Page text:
A History of Tooting Common

Tooting Bec common is very near Magdalen EstateWith two lovely commons so close by to the Magdalen Estate, one could say that people who live around the area are spoilt for choice as to where to enjoy beautiful, green open spaces. In this week’s Magdalen Estate blog, we thought we’d enlighten you, dear reader, as to some of the history surrounding Tooting Common, to help us appreciate the journey our free public space has been on.
Both Tooting Bec Common and Tooting Graveney Common, together with Streatham Green, are what remain of common land that once stretched as far as Mitcham.
As London’s population grew throughout the 1860s and 70s, much of the common land was developed for housing, and the remaining area put under threat. Following a number of petitions and protests from the local community regarding the developments, the Metropolitan Commons Act was passed in 1866, by which time Tooting Common had been divided by the building of roads and railways.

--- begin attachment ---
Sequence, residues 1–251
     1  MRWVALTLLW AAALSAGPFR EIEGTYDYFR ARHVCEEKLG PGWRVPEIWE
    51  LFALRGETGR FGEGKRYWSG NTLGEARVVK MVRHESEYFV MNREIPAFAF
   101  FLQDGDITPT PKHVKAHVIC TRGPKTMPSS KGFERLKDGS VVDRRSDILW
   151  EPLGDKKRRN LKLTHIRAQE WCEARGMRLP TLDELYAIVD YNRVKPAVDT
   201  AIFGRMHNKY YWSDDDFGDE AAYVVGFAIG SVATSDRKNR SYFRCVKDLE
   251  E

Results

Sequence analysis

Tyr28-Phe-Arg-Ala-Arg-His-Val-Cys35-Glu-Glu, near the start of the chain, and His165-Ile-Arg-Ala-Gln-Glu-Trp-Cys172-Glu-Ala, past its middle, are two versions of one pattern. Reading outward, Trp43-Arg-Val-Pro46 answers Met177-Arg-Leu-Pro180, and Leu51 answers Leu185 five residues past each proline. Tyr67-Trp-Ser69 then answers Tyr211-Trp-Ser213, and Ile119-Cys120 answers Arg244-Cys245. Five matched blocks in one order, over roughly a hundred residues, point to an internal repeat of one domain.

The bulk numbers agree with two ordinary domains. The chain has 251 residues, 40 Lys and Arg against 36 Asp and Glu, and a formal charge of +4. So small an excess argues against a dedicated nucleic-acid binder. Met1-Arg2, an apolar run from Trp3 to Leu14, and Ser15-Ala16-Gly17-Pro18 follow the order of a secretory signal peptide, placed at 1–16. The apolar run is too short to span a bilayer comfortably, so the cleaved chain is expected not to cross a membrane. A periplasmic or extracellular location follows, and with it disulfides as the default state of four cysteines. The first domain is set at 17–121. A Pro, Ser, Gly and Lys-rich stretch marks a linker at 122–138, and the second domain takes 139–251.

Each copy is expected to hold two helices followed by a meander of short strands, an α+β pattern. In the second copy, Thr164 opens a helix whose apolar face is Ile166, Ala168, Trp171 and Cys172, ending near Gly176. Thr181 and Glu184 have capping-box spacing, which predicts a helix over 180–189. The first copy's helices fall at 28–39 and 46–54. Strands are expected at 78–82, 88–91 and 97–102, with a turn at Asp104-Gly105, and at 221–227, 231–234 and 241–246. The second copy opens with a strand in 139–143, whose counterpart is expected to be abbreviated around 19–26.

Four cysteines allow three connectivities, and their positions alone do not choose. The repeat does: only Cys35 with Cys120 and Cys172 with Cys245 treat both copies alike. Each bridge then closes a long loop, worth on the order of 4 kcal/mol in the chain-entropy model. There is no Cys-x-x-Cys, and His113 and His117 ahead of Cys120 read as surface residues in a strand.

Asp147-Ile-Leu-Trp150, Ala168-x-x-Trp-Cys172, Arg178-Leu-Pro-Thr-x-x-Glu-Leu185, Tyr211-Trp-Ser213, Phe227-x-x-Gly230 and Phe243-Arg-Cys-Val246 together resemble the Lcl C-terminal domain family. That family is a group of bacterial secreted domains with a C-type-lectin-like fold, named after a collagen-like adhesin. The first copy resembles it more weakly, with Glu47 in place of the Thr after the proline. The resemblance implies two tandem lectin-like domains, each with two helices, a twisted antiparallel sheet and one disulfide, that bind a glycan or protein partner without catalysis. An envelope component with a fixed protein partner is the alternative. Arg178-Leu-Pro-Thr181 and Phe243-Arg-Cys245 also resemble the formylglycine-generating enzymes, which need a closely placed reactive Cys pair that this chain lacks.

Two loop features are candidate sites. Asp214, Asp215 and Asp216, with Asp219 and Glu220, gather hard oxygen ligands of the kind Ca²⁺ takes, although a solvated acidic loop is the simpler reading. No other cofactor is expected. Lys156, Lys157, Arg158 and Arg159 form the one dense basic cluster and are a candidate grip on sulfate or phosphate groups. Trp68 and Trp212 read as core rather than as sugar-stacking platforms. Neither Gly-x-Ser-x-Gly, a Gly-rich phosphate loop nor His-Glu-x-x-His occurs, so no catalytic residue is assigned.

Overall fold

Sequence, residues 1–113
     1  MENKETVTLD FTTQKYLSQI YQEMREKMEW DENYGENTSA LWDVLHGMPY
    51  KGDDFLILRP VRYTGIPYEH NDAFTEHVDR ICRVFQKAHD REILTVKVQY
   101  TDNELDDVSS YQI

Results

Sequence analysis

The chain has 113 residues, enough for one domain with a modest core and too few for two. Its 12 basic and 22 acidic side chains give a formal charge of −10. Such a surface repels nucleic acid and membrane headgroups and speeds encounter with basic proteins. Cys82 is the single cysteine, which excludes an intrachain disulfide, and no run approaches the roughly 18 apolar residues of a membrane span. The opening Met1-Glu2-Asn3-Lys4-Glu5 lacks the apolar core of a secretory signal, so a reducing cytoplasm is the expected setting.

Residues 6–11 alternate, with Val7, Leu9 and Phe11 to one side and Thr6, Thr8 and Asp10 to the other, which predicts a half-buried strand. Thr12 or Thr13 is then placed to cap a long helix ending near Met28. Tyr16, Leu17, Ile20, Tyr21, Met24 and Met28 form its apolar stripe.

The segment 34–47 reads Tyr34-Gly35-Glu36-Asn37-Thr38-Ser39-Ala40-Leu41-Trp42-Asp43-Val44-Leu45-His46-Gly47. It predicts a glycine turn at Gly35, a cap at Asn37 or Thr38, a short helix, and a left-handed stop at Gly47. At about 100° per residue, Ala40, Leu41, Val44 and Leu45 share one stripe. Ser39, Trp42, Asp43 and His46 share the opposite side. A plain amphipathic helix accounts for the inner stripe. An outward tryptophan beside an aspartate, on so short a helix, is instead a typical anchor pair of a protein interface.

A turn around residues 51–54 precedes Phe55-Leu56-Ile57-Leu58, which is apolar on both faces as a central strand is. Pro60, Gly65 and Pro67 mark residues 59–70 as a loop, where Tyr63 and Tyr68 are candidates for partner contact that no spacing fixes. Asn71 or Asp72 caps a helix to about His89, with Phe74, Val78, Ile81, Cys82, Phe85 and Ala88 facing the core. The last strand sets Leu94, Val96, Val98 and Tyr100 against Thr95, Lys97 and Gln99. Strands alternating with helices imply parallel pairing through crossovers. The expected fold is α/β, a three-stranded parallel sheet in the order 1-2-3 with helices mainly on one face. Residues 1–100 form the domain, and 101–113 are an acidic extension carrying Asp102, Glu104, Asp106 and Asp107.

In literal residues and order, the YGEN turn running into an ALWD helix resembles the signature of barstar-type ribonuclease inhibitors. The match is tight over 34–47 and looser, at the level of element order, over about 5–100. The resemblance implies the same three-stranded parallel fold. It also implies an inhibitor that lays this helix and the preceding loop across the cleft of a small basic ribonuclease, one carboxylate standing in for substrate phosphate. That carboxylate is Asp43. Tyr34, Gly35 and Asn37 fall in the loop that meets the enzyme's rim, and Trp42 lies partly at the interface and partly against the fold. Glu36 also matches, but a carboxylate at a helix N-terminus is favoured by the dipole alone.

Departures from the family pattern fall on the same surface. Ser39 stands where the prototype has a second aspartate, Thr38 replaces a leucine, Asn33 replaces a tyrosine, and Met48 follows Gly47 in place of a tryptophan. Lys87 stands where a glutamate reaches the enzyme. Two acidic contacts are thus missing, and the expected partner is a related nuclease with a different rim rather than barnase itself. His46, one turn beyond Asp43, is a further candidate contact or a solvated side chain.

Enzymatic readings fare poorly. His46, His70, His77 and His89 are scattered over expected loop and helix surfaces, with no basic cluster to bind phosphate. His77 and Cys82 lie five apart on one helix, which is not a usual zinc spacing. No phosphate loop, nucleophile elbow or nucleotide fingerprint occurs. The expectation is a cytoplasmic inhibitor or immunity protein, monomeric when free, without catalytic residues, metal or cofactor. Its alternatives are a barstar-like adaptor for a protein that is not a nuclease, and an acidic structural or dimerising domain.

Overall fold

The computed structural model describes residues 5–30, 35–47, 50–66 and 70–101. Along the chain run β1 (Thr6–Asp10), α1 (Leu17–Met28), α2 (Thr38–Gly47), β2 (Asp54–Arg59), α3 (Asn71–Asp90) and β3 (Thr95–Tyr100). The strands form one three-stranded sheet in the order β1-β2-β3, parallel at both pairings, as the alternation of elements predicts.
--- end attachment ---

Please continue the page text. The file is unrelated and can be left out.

Soon after the Act was passed, the Metropolitan Board of Works (MBW) took action to preserve Tooting Bec, later also acquiring Tooting Graveney. The two areas are now essentially seen as one common, with a line of trees marking the former boundary between the two areas.
We always love to hear about the history surrounding Wandsworth and the Magdalen Estate; if you’ve got any great stories, perhaps passed down through the family, please do get in touch and share them with us.
Robert Laughton

Robert Laughton

Robert Laughton is a local resident of Wandsworth with an interested in the local community and a mission to explain to all and sundry the correct pronunciation of Magdalen (as in the college).
 

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